Woman holding her hands to the sky and cupping the sunshine

8 Less Known Benefits Of Vitamin D

It’s called the sunshine vitamin but we should be thinking of Vitamin D as a super-power supplement.

We can get Vitamin D in two ways. 

1. The first way is by making it in our skin.  

UVB  rays from the sun on our bare skin convert cholesterol in the epidermis, which is the outermost layer of the skin, into inactivated vitamin D. Once this molecule passes through the kidneys, it undergoes a chemical reaction which turns it into activated vitamin D.  

2. The second source of vitamin D is from our diet.

The main dietary sources include salmon, sardines, egg yolks, prawns and fortified milk, cereal, yoghurt and orange juice.

Food sources of vitamin D

We’ve known for a long time that Vitamin D is important for maintaining bone health. It helps us to absorb calcium from the food we eat and that calcium in turn is packed into our teeth and skeleton helping them to remain strong. 

But what else does vitamin D do for the body? Extensive research in recent years has found that vitamin D regulates the expression of more than 900 genes involved in a huge variety of physiological processes in the body including brain function, the cardiovascular system, the hormone axis, autoimmune disease and even cancer development. In its active state, it is a powerful cell repair molecule and studies have shown that vitamin D supplements significantly reduce death from ALL causes.


Starting with the brain, vitamin D helps maintaining the scaffolding that holds our neurons in place. It reduces inflammatory change in the brain and lowers the risk of build of amyloid plaques that are associated with Alzheimer’s dementia. There is also a very robust evidence indicating the importance of vitamin D in mental health, low levels affect calcium balance in the brain leading to depression and anxiety.


Vitamin D has been shown to support the immune system in fighting off bacterial and viral infections. It up-regulates a gene for cathelicidin, a natural broad-spectrum antibiotic and anti-viral which we make in our bodies that fights off common colds and respiratory infections. 

Circulatory System

Vitamin D receptors are expressed throughout our internal plumbing system. Vitamin D helps to keep the muscles of our arteries and veins relaxed. When this doesn’t happen, the vessels constrict, becoming narrower which increases the turbulence of blood flow, leading to raised blood pressure which overtime causes heart disease.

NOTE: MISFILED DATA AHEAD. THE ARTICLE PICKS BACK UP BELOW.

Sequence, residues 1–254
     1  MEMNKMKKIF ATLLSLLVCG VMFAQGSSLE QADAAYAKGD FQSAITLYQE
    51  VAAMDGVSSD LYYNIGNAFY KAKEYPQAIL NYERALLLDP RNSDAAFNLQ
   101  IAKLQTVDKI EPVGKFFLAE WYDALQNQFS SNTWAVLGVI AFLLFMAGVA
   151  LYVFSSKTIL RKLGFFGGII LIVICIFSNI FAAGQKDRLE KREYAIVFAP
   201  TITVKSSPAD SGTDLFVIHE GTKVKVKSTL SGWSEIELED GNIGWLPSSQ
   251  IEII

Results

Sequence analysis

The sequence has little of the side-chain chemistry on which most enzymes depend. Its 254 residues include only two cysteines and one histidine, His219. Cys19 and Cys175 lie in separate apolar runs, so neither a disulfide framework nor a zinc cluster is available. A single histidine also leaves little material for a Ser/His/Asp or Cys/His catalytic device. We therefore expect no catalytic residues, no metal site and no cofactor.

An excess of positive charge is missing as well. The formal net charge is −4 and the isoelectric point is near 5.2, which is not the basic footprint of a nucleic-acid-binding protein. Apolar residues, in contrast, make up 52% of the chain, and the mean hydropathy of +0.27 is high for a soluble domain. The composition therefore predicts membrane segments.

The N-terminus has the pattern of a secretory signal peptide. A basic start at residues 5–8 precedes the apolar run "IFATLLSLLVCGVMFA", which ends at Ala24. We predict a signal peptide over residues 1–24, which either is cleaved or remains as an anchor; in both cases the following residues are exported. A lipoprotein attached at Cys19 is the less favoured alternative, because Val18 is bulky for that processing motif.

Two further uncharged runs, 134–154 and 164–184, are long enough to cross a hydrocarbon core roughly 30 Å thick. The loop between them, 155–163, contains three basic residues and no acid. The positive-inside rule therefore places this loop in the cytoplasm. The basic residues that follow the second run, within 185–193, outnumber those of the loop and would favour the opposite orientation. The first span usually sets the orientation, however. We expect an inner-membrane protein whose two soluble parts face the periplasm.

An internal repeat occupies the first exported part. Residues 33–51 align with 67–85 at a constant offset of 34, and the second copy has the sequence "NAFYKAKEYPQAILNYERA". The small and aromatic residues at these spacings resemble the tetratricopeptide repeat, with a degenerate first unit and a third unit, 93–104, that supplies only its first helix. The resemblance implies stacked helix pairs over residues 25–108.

Blood Sugar

Vitamin D helps to increase sensitivity to insulin. Insulin is the hormone that regulates our blood sugar levels. When people are overweight or obese, fat padding around the organs makes the tissues resistance to the effects of insulin, leading to pre-diabetes and diabetes. Vitamin D up-regulates the insulin receptor gene so that our tissues respond to insulin better. 

Illustration of vitamin D supporting the production of red blood cells

Blood Production

Vitamin D has also been shown to support the production of new red blood cells, the oxygen carrying cells in our circulation. Vitamin D deficiency has been associated with anaemia, especially the anaemia that is seen in people with chronic illness.


Vitamin D is involved in the regulation of genes that code for ageing of the skin. Low levels are associated with increased skin cell DNA damage leading to wrinkling and sagging. 


Vitamin D has anti-cancer potential. A significant link has been found between vitamin D deficiency and breast, skin, stomach, colon and prostate cancer, with some research recommendations to consider vitamin D therapy as part of the treatment for these types of cancer.

Weight Loss

And finally, there is emerging evidence that vitamin D supplementation may even help with weight loss with some trials looking at including vitamin D supplementation as part of a structured weight loss program.

So if you can’t bathe yourself in sunshine 15 to 20 minutes a day, seriously consider taking a daily supplement.

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